KABUL, Afghanistan — Three months after Afghanistan’s presidential vote, the entire electoral process is stalled in a dispute that Afghan and Western officials say could pose an even greater threat to stability than the last such crisis, five years ago.
Supporters of opposition candidates have besieged half a dozen election offices around the country for weeks, vowing to fight rather than accept another U.S.-brokered compromise like the one that resolved the 2014 dispute. Security officials worry that one wrong move could tip the protests into bloodshed. And election officials say a biometric verification process that was supposed to prevent voter fraud may have been compromised by human error.
In the middle of it all — again — is Abdullah Abdullah, making his third attempt to become president, and for the third time falling into a bitter standoff with election officials.
This one is likely to play out differently. With American diplomacy focused on negotiating an end to the long war with the Taliban, Western officials say the United States has made it clear that it will not be stepping in like it did five years ago. Then, Secretary of State John Kerry negotiated a power-sharing deal between Mr. Abdullah, now Afghanistan’s chief executive, and Ashraf Ghani, now the president, that Mr. Kerry said had averted a civil war.
But Mr. Abdullah’s supporters are warier of him this time, though they say they are firm in rejecting what they see as fraud perpetrated to keep Mr. Ghani in office.
Even as Mr. Abdullah insists he will not give in, the strongmen who have rallied around him are worried, according to interviews with advisers and political brokers. In private, they have repeatedly raised their concern about Mr. Abdullah, often to his face: Will the man who has challenged two previous votes before compromising stick to the fight this time, or will he again strike a deal for his own political survival?
“One’s own survival as a politician, if that is the aim of somebody — he is misleading and he is misled,” Mr. Abdullah said during an interview with The New York Times, acknowledging his allies’ concerns and saying he was determined to fight.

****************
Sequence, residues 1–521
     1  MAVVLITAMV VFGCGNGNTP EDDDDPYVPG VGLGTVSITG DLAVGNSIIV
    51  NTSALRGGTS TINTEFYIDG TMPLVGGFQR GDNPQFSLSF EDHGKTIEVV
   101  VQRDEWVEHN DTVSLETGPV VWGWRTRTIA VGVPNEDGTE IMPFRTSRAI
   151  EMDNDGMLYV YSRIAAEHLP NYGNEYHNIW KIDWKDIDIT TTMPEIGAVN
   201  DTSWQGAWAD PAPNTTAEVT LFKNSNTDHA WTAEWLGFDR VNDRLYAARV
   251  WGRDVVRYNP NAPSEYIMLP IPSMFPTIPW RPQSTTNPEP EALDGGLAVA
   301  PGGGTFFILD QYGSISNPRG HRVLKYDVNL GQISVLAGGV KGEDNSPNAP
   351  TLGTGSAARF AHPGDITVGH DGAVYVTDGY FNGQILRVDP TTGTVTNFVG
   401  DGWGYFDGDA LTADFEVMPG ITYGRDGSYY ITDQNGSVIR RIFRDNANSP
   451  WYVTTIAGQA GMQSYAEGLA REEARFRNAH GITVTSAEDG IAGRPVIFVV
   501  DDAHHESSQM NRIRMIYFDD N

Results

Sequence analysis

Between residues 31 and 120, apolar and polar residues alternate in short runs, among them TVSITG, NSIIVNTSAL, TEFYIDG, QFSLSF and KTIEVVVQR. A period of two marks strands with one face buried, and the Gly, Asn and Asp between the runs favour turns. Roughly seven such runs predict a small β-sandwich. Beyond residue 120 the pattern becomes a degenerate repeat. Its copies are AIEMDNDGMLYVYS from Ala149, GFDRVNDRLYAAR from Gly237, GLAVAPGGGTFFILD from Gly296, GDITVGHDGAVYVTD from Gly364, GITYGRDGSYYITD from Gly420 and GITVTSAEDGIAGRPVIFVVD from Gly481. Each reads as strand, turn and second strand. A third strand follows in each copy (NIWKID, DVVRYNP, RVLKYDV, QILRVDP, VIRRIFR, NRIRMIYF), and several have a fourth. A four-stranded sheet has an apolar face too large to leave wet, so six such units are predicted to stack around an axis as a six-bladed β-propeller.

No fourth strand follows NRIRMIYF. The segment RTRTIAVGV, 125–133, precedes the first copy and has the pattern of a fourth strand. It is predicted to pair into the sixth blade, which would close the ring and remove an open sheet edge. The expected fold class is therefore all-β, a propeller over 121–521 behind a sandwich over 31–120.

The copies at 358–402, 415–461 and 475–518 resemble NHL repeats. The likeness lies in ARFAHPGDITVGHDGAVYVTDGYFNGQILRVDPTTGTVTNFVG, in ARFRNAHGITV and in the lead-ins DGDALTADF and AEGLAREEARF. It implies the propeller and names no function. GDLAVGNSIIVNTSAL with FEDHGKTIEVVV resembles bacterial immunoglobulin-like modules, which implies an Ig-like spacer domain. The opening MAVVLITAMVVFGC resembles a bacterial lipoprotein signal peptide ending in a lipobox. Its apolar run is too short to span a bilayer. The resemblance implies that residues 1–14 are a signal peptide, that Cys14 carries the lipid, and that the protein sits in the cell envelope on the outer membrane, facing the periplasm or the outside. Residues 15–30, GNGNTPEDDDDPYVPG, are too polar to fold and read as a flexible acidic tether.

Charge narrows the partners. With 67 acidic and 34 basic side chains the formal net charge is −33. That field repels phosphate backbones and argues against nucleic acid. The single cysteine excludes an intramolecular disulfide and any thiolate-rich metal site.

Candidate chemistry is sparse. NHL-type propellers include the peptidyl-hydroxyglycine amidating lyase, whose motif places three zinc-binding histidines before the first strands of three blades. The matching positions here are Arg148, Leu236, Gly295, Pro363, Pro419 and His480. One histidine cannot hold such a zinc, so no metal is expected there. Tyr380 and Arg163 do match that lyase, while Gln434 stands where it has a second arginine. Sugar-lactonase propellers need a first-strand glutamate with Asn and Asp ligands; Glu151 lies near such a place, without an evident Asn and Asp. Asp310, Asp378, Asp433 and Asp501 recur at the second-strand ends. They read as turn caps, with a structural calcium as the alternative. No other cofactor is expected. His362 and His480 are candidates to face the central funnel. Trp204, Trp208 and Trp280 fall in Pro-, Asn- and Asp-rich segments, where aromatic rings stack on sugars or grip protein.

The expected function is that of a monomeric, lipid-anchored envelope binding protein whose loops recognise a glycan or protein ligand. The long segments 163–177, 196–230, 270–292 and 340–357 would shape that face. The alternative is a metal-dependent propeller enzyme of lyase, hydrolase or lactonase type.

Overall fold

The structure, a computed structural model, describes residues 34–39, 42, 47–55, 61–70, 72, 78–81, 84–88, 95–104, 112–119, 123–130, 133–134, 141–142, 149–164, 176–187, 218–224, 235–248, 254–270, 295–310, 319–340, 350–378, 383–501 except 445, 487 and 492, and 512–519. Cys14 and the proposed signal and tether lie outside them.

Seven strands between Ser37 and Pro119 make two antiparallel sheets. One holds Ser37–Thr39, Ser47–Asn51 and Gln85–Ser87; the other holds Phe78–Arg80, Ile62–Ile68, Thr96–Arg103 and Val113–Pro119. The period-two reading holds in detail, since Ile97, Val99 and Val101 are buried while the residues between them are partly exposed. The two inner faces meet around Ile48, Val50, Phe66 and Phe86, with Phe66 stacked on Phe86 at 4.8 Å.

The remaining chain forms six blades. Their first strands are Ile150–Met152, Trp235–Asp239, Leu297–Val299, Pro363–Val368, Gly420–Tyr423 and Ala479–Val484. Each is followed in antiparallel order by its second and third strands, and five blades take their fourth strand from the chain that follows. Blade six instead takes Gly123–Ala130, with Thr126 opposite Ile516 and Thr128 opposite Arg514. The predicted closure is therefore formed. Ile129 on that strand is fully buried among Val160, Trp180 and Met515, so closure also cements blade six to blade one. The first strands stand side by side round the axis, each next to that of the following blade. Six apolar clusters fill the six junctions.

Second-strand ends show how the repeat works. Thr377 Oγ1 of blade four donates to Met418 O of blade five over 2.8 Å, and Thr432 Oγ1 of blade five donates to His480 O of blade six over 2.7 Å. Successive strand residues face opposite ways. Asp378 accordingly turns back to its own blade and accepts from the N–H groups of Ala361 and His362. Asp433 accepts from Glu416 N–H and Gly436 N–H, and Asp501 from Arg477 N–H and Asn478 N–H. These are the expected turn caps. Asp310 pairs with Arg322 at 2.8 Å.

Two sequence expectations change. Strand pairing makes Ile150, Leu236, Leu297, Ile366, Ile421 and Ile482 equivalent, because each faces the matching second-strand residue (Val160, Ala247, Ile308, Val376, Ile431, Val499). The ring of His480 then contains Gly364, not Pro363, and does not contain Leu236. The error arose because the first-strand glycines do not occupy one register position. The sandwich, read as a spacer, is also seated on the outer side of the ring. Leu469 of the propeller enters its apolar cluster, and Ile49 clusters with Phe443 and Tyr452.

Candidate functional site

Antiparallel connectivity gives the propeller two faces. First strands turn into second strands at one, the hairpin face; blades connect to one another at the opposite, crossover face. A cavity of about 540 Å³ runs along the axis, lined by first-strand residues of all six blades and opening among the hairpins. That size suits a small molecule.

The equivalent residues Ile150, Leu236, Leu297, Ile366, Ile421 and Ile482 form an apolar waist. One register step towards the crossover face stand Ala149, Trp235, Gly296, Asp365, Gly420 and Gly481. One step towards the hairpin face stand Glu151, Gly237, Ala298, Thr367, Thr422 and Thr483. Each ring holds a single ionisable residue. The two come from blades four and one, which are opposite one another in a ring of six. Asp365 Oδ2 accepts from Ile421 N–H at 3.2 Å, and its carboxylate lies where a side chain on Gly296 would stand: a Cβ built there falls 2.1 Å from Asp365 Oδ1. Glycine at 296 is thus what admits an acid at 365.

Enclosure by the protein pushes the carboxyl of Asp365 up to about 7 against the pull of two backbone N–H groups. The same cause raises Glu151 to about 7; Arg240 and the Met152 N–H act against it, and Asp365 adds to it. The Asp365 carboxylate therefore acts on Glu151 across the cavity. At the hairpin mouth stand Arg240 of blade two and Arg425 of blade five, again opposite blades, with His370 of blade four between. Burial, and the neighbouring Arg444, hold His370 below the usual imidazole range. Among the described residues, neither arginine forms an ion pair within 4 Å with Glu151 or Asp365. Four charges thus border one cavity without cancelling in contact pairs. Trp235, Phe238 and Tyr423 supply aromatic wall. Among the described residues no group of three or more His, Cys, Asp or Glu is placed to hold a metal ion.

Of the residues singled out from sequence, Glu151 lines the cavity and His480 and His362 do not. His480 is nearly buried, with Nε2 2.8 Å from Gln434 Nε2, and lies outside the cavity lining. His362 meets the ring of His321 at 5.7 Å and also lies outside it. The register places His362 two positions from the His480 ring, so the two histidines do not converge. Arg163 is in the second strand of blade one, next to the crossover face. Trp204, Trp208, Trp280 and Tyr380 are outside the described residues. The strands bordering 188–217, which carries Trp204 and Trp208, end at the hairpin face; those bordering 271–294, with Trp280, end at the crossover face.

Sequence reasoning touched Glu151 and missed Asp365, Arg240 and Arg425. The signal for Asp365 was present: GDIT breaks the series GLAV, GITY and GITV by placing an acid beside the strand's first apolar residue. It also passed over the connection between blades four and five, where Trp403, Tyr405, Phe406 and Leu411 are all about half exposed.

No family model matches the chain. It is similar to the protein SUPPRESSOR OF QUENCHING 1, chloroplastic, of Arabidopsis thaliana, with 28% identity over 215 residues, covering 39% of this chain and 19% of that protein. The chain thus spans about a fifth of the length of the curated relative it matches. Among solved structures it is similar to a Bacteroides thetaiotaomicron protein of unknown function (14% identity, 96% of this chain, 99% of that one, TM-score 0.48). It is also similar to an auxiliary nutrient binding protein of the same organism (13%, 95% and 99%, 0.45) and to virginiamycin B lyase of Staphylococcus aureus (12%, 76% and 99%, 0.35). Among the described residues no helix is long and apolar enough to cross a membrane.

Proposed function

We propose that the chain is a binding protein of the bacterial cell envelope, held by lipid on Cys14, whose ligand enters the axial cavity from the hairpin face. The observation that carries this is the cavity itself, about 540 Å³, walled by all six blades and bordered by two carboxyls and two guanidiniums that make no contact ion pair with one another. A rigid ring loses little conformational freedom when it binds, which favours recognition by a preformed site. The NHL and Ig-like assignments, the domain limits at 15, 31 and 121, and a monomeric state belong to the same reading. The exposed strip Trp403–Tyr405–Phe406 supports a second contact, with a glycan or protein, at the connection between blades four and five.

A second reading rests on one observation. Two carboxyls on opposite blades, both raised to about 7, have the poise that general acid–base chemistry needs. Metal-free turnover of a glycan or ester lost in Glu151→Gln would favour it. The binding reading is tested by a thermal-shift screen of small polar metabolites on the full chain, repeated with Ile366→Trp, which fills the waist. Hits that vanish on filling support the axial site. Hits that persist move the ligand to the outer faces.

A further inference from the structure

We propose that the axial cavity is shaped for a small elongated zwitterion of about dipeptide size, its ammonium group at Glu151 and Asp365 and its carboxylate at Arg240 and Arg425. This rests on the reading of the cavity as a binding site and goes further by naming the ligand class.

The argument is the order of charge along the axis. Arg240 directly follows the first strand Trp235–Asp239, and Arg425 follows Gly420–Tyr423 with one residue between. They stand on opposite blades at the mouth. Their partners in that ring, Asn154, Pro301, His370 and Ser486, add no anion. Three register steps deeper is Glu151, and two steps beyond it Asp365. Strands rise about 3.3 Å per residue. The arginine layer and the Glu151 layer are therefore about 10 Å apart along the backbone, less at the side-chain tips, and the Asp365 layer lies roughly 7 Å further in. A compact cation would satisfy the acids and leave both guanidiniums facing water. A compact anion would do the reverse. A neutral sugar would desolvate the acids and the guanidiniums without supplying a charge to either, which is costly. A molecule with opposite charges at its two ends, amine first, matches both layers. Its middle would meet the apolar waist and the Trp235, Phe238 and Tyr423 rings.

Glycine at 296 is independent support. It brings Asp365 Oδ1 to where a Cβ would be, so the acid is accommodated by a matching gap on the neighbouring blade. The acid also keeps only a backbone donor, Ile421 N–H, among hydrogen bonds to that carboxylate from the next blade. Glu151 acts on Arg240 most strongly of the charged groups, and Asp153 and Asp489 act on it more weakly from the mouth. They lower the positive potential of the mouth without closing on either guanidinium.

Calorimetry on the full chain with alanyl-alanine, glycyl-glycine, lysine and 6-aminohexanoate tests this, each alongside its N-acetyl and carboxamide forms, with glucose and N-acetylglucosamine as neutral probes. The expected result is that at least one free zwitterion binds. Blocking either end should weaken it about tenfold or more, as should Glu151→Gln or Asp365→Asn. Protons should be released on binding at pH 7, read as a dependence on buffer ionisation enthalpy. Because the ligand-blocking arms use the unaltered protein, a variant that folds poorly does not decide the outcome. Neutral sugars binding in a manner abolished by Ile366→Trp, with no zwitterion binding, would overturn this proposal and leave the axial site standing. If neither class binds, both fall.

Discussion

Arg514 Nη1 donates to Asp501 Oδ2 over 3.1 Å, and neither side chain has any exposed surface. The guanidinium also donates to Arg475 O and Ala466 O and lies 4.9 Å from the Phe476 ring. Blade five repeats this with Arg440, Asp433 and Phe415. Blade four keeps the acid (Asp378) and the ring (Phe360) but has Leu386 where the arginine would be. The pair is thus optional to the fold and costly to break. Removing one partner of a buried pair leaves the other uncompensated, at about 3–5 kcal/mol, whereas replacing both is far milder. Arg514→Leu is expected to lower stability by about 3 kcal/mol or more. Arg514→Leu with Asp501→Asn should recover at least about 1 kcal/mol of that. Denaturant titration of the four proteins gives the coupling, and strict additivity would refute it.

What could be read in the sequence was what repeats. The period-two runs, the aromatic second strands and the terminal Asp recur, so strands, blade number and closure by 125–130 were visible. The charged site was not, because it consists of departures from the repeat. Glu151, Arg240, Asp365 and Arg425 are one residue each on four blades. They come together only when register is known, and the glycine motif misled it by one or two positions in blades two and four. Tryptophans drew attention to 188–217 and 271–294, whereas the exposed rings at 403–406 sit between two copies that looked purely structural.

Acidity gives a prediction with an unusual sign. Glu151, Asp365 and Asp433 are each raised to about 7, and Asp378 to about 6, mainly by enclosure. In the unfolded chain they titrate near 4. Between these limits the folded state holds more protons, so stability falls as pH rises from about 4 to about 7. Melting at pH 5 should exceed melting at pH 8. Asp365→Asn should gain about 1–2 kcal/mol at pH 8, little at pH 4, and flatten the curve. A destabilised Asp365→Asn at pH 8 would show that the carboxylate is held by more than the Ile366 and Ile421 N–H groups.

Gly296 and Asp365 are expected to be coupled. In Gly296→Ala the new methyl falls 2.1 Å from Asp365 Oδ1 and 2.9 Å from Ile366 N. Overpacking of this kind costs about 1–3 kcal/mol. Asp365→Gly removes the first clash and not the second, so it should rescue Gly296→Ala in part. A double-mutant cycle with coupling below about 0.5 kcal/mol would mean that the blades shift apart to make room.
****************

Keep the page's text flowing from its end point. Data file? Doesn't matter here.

“Ghani is a challenge for the country, not for me,” he said. “The point is how to replace him through circumstances in which the country is not lost.”
The truth is that the hodgepodge coalition of political leaders around the chief executive has little choice: They came at the last minute to Mr. Abdullah, who says he had been thinking of sitting out this race, because they couldn’t agree on another candidate.
For many of these former warlords and commanders, this is an ultimate fight of sorts. Mr. Ghani marginalized them, some to the point of repeated humiliation, and has promised to do so even more if he wins a second term.
Among those fighting for relevance is Gen. Abdul Rashid Dostum, the erratic Uzbek commander whom Mr. Ghani made his vice president in 2014 to gain the support of his constituency, then stripped of much of his authority.
General Dostum has been camped out in his northern stronghold in support of Mr. Abdullah, warning of a blood bath if soldiers use force against protesters. At closed-door meetings of Mr. Abdullah’s political circle, another bullish northern commander repeatedly offered to take over a couple of provinces, kicking out the governors and police chiefs to send a message.
Mr. Abdullah frequently meets with Western ambassadors and generals to try to leverage the street demonstrations, officials say. Where the United States and NATO stand on the election is still seen as crucial, given Afghanistan’s dependence on their aid and support.
At the heart of the dispute is 300,000 questionable votes that Mr. Abdullah’s supporters say the election authorities have counted without transparency, which could favor Mr. Ghani. The ballot verification system has indicated that about 100,000 of those votes were cast outside voting hours — in some cases, by months.